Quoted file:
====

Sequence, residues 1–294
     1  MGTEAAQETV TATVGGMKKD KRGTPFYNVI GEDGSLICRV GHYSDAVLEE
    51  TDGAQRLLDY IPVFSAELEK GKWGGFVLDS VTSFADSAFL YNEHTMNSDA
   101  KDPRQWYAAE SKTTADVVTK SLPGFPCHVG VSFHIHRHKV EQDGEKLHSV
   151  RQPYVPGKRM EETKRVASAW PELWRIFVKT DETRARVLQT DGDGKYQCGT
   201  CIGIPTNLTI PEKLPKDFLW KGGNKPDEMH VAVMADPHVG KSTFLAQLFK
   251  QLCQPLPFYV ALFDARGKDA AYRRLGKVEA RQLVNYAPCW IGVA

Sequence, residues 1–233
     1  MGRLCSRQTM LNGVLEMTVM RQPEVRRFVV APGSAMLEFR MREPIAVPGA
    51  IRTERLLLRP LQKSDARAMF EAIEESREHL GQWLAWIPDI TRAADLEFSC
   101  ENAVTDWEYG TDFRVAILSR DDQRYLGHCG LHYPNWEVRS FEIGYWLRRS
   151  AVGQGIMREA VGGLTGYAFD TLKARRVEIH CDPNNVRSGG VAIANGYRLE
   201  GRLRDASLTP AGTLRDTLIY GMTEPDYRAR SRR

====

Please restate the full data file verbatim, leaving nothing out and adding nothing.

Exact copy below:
Sequence, residues 1–294
     1  MGTEAAQETV TATVGGMKKD KRGTPFYNVI GEDGSLICRV GHYSDAVLEE
    51  TDGAQRLLDY IPVFSAELEK GKWGGFVLDS VTSFADSAFL YNEHTMNSDA
   101  KDPRQWYAAE SKTTADVVTK SLPGFPCHVG VSFHIHRHKV EQDGEKLHSV
   151  RQPYVPGKRM EETKRVASAW PELWRIFVKT DETRARVLQT DGDGKYQCGT
   201  CIGIPTNLTI PEKLPKDFLW KGGNKPDEMH VAVMADPHVG KSTFLAQLFK
   251  QLCQPLPFYV ALFDARGKDA AYRRLGKVEA RQLVNYAPCW IGVA

Sequence, residues 1–233
     1  MGRLCSRQTM LNGVLEMTVM RQPEVRRFVV APGSAMLEFR MREPIAVPGA
    51  IRTERLLLRP LQKSDARAMF EAIEESREHL GQWLAWIPDI TRAADLEFSC
   101  ENAVTDWEYG TDFRVAILSR DDQRYLGHCG LHYPNWEVRS FEIGYWLRRS
   151  AVGQGIMREA VGGLTGYAFD TLKARRVEIH CDPNNVRSGG VAIANGYRLE
   201  GRLRDASLTP AGTLRDTLIY GMTEPDYRAR SRR